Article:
Letters: Stop Trafficking, Carriers as Brokers

These Letters to the Editor appear in the April 8 print edition of Transport Topics. Click here to subscribe today.

Stop Trafficking

I have been feeling a calling to do what I can to help stop and raise awareness against human trafficking in some way, and today I came across an organization called Truckers Against Trafficking: http://truckersagainsttrafficking.org.

The fact that I am a part of my father’s trucking company, Aberdeen Express Inc., brings this topic to me in a way that personalizes it, and I may be able to help. After watching their informative video and reading more about the nonprofit and statistics, I can see how raising awareness with truckers and all organizations and media affiliated with the field can help in a huge way.

I am curious to know if your organizations are familiar with Truckers Against Trafficking and how small companies like ours can help. I am just coming across this information and hope that if you are, too, you’ll explore it further as well.

Melissa Scalia

Manager of Administration

Aberdeen Express Inc.

Aberdeen, Ohio

Carriers as Brokers

Editor’s Note: This letter refers to the March 18 “Opinion” by David Dwinell, in which he said a section of the new transportation funding law amounts to a new “tax” on carriers. Dwinell said, “Most freight today . . . is brokered not only when a shipper enters an agreement with a licensed broker but also when one authorized motor carrier ‘hires’ another authorized motor carrier to haul cargo in its place. Many, if not most, of the motor carriers engaging in licensed brokerage are private carriers . . . [who] rely to an extent on for-hire carriers to get their products to market. If you are now engaged in one of these unlicensed brokering arrangements, you need to be aware that after Oct. 1, the practice will be illegal . . . and could result in a fine of $10,000 per load.”

I read with great interest the Opinion piece by David Dwinell regarding MAP-21 (3-18, p. 9).

I was slightly overwhelmed when I read the article. So, I took the time to read page 423 of the law — short, boring and with absolutely no clarity, as you would expect.

I do have a few questions that you probably need a room full of lawyers to answer.

And there is something that needs to be said that I hope Congress remembers when the next Superstorm Sandy or Hurricane Ike comes around.

Listen up, Congressmen and Senators: When a customer asks for more than a small company like ours can deliver — such as needing fuel delivered into areas affected by hurricanes, floods and the like — we willingly take on the task, at no profit to us, of finding other carriers to assist in the task.

We paid those other carriers and billed back our customer — as a courtesy to our customer — as part of our customer service and our desire to help out those in times of need.

As you have been told before when you complained about no trucks willing to go into affected areas, we have to service the customers we have. But we do make every effort to help. Under the terms of MAP-21, we now would have to tell the customer that we cannot help them.

I get it that is a direct impact of MAP-21. I don’t like it, but I get it. Just make sure you remember that you made it impossible for us to help.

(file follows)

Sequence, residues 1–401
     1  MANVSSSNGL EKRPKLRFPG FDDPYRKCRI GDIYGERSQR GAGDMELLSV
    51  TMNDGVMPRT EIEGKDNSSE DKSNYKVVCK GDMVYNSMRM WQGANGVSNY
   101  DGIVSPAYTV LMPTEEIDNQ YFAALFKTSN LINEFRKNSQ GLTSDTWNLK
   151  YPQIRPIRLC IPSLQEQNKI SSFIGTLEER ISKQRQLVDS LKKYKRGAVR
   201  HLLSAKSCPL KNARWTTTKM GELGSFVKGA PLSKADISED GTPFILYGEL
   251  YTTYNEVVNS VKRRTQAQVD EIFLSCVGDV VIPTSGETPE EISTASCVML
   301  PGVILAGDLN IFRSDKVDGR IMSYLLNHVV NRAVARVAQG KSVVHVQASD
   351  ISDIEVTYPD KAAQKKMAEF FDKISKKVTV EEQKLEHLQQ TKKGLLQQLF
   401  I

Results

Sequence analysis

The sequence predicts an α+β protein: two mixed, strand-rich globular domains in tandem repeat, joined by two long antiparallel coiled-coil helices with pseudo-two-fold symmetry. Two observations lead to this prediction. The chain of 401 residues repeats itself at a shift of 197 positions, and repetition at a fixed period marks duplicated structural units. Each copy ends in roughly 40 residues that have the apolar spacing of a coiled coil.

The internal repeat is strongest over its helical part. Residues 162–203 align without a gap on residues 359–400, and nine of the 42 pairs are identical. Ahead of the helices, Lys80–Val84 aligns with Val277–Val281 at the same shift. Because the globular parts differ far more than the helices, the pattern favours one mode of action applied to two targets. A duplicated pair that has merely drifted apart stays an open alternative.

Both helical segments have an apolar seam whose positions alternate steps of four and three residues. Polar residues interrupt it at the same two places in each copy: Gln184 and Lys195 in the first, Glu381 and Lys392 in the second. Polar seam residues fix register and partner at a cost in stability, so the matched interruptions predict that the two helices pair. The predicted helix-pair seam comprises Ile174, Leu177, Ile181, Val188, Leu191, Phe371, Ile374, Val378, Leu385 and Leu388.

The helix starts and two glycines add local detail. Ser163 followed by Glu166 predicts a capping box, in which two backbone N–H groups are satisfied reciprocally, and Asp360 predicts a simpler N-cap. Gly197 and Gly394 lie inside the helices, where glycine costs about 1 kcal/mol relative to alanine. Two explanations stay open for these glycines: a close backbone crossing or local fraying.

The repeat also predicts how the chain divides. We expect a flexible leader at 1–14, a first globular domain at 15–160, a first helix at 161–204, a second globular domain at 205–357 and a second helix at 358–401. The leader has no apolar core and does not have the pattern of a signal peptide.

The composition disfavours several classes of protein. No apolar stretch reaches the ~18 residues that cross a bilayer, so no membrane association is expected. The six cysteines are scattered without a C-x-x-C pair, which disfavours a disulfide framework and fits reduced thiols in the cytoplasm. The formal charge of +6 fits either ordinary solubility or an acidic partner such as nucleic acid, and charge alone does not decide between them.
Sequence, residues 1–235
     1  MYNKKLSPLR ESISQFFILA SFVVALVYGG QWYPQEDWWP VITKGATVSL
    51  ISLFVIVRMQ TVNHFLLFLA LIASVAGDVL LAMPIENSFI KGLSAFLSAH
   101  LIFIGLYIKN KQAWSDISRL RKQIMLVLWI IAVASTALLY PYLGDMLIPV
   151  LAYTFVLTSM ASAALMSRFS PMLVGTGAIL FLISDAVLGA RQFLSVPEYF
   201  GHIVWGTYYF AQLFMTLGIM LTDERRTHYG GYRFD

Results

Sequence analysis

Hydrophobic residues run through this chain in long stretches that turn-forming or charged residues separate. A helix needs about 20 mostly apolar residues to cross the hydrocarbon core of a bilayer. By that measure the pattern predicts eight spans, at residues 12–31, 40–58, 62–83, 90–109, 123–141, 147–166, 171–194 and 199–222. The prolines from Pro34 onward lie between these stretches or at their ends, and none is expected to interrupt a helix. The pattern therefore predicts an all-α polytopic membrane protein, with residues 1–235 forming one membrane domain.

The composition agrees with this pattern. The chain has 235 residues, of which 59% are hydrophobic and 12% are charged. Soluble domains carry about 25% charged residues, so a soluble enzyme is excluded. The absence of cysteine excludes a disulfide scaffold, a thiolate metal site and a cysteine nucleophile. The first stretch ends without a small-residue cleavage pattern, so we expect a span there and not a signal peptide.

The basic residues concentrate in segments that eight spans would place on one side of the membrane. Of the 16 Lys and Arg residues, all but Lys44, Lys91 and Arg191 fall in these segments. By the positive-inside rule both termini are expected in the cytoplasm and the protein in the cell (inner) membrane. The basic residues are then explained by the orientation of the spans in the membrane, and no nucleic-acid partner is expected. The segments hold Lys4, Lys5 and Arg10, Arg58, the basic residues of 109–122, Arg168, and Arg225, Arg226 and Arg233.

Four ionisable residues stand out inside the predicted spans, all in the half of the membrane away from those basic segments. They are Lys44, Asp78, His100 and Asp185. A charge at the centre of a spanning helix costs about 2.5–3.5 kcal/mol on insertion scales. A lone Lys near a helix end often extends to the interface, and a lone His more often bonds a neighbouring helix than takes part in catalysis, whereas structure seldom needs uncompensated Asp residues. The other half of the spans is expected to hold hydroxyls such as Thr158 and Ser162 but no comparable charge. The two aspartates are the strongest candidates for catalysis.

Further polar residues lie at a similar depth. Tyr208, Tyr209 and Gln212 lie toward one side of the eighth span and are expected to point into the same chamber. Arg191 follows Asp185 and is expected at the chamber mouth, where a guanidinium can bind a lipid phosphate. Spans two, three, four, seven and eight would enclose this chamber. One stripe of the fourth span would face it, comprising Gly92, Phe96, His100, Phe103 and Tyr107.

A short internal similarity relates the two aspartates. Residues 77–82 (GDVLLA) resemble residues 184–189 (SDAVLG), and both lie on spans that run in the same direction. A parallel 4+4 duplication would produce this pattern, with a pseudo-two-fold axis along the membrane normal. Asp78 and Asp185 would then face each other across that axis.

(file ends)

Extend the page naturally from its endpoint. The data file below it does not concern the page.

Now, here are a few questions for the lawyers and my fellow carriers.

We are a petroleum hauler, so we don’t deal in the world described by Mr. Dwinell. We rarely have backhauls in our industry. But that does not mean we don’t deal with companies that have their own trucks and have their own motor carrier authority that are set up as a common carrier.

How about companies like Wal-Mart, Publix and Ingles? They have their own trucks. They even have their own gas stations. But they don’t haul gasoline. Do they have to become brokers?

Let’s go a step further to Love’s or Pilot Truck Stops. They have their own petroleum tankers. They are an interstate common carrier. But they use other petroleum carriers for their overflow business. Will they have to set up a brokerage company, as Mr. Dwinell infers, one that will operate just on those days when they need outside assistance?

How about BP, Shell, Sunoco, Chevron or any of the major oil companies? They have their own trucks — not in every city or state, but they have some. Do they have to set up a brokerage business that their dispatch centers send their overflow business to so the brokerage firm can then “broker” out the loads to a petroleum hauler?

And now the scary one for those of you who utilize owner-operators. Your company contracts with an owner-operator on a permanent basis — his tractor, your trailer and your freight — and he hauls under your authority 52 weeks a year. But that owner-operator still has, but doesn’t use, his own operating authority from years ago. Does that make you a broker?

And my last question is just for the lawyers: When a trucking company with common carrier authority has diesel fuel delivered to its transportation yard, the company doesn’t actually haul it. It contracts with a hazardous materials carrier like Georgia Tank Lines to haul it.

Does that mean the trucking company has to become a broker in order to contract with us to get its fuel hauled? If it doesn’t become a broker, and I haul for the company anyway, is Georgia Tank Lines subject to the $10,000 fine as one of the “corporate entities involved”?

Deborah Latham


Georgia Tank Lines

Doraville, Ga.